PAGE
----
Total Recall, the flick from the early, early Nineties, is not really the classic some are pretending it is. Sure, it’s an Arnie film from before he got too ripe, and it was directed by Paul Verhoeven, someone for whom the words "tasteless misogynist excess" are a badge of honour instead of the grave insult they're intended to be, and it was pretty freaky and entertaining at the time. But it's no 2001. It's definitely on the goofy, trashy side of the sci-fi cinematic spectrum.

It also, like this flick, didn't really have that much to do with the original Philip K. Dick short story it pretended to be lifted from. That story, We Can Remember It For You Wholesale, was a very short story indeed. It also included no more than a depressed guy who goes to a memory implantation place where he wants some fantasy implanted that he's the most Important Person in the Universe. Turns out, the staff of the place realise, he actually is.

And that was it. Nothing about Mars, or three-breasted prostitutes, freeing the slaves or violent divorces. Nothing about mutants or superspy triple agents and defective holographic headgear.

Rating:

Bernie

Bernie

Phwoar! I'd give him my power of attorney any day!

dir: Richard Linklater

Well, that was weird.

I am unsure how much of this flick is a flick and how much of it is documentary, since there is a lot of footage that doesn’t seem to be footage of actors acting.

Let me be blunt by pointing out something very secret, almost unheard of: American tv and cinema is a very discriminatory, very harsh environment. It is cruel and unforgiving. The tyranny of the slim and gorgeous is absolute in this form of media. As it should be.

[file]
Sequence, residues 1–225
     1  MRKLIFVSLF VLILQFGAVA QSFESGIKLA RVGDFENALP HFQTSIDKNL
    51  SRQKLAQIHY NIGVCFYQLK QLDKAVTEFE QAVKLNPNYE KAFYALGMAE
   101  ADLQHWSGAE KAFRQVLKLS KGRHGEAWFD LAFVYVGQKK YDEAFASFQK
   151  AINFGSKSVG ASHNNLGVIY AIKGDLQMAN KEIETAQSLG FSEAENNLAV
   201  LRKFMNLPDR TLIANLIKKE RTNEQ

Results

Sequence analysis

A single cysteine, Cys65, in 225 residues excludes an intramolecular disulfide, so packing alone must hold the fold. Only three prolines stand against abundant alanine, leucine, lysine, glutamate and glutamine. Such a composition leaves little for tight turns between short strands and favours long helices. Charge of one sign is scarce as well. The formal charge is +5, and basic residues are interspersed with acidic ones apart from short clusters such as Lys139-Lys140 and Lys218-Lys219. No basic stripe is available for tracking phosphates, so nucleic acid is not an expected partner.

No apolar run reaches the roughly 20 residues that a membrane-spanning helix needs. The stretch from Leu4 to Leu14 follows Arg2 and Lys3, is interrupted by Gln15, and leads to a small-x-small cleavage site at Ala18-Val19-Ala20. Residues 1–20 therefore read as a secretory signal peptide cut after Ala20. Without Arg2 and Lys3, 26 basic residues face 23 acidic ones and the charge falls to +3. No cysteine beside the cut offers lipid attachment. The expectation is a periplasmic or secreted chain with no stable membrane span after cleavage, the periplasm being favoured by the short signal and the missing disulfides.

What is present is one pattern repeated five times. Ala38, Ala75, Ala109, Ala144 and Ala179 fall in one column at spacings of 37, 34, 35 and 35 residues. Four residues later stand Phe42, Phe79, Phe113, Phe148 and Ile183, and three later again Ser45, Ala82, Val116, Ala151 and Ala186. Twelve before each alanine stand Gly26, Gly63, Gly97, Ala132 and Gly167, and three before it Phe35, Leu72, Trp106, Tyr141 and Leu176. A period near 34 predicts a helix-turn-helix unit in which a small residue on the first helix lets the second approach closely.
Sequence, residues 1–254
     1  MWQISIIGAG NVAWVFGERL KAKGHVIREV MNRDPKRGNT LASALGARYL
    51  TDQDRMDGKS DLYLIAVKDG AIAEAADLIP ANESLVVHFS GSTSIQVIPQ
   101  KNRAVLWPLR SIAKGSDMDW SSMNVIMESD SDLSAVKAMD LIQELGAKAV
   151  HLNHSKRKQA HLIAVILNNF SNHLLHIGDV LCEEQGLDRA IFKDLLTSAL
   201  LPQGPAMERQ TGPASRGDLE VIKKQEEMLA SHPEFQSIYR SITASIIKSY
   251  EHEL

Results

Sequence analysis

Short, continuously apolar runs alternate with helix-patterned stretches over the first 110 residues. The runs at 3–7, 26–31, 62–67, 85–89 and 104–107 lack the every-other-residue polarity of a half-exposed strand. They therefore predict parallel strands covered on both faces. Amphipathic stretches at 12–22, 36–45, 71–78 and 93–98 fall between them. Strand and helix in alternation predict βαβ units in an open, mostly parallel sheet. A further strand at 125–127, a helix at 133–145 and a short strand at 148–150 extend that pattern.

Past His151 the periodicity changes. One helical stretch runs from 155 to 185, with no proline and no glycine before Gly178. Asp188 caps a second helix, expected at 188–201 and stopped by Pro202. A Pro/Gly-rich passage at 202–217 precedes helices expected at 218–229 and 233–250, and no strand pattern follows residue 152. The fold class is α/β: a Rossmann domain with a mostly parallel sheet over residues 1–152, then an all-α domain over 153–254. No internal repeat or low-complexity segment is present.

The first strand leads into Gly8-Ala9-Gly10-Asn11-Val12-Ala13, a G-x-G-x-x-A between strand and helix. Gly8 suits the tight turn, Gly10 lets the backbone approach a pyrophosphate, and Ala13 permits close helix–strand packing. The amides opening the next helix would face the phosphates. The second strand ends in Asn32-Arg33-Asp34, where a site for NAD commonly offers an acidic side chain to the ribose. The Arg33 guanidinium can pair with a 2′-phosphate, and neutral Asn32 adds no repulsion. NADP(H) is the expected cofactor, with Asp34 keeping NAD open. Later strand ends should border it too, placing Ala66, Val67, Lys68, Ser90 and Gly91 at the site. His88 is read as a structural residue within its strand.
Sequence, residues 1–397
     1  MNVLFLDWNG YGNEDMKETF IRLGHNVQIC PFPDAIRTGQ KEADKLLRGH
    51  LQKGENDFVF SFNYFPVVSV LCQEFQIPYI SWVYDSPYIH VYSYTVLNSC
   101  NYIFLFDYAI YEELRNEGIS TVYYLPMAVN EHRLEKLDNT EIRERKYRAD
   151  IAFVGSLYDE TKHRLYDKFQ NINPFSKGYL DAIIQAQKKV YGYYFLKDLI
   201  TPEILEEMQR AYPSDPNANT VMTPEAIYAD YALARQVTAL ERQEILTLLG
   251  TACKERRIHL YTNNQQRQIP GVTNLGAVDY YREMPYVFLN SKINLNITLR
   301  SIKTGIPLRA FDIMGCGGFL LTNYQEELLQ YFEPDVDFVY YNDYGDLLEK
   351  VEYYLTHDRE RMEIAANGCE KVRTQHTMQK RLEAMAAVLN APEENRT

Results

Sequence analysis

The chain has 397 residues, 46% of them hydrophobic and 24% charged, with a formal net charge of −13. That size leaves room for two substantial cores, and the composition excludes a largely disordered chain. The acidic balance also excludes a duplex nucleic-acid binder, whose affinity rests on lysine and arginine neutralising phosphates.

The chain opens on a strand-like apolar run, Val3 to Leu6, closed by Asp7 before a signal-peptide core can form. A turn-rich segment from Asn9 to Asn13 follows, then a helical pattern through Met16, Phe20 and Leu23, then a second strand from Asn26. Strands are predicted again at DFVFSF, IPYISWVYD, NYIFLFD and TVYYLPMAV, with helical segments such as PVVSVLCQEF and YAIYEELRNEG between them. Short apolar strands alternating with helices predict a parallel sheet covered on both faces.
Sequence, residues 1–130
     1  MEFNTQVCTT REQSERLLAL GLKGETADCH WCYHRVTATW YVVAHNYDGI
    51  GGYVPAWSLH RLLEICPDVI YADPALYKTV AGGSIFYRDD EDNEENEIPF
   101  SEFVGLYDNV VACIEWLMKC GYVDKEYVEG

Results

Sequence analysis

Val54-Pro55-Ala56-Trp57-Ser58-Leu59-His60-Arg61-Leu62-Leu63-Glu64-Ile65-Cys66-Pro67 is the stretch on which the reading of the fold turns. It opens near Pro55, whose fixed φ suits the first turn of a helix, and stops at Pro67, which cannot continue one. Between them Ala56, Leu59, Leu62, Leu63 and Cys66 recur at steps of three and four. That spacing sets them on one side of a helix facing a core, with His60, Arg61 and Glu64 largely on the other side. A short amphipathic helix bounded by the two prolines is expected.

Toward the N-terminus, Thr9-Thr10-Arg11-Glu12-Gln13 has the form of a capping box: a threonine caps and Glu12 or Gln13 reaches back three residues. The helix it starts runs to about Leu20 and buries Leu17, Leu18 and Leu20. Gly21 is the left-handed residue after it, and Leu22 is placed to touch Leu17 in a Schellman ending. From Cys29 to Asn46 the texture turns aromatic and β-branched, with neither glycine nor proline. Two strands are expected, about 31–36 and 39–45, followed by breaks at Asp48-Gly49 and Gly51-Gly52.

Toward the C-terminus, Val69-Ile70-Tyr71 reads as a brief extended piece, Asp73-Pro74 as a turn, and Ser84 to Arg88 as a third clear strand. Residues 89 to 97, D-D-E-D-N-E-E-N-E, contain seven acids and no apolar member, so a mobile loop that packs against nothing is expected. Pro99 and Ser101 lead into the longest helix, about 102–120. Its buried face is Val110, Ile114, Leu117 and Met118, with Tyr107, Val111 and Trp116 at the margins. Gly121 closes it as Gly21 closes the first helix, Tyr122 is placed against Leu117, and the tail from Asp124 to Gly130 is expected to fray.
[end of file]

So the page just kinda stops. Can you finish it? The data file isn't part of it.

I say this as a staunchly unattractive man myself, so don't go thinking that I think I'm some lithe, brutishly handsome mash-up of Benedict Cumberbatch, Chris Hemsworth and Tom Hardy. Far from it, sadly, far far from it, though it's an intriguing combination, as opposed to the rather actual combination I possess: sad old boot, wildebeest, wobbegong shark and afghan rug that genuinely comprises my DNA.

No, my point is essentially that American movies never usually have this many incredibly unattractive people in the one place at the one time unless there's a damn good reason. Plenty of other countries make movies with less than attractive people in them. British cinema seems entirely dedicated to bringing unattractive actors to the forefront so we can all gawk at them like we're looking at the freaks at a particularly anachronistic carnival.

Rating:

The Best Exotic Marigold Hotel

Best Exotic Marigold Hotel

Shiny, unhappy British people holding hands and
cursing the natives

dir: John Madden

Movies for oldies. Why not? Many of them have oodles of disposable income, and they’re as keen about being pandered to at the cinema as much as anyone else is. Plus, cinemas like my local arthouse Cinema Nova needs something to play on Mondays to make the oldies queue up like they’re offering free flu shots.

This niche is a pleasant enough niche, smelling as it does of casseroles, Vicks Vaporub and unwashed dishes, and it often results in some very excellent films, not all of them being Merchant Ivory productions. Sure, they don’t want to startle the old folks with anything even mildly shocking, so these flicks tend to be fairly safe and pedestrian affairs, but that doesn’t mean they are lacking in beauty.

On some levels I was watching this thinking “I should hate this and everything it stands for”, but the actors involved are too good, and the episodic, sometimes haphazard nature of the narrative are woven together well enough to overcome the hokeyness of some of the material.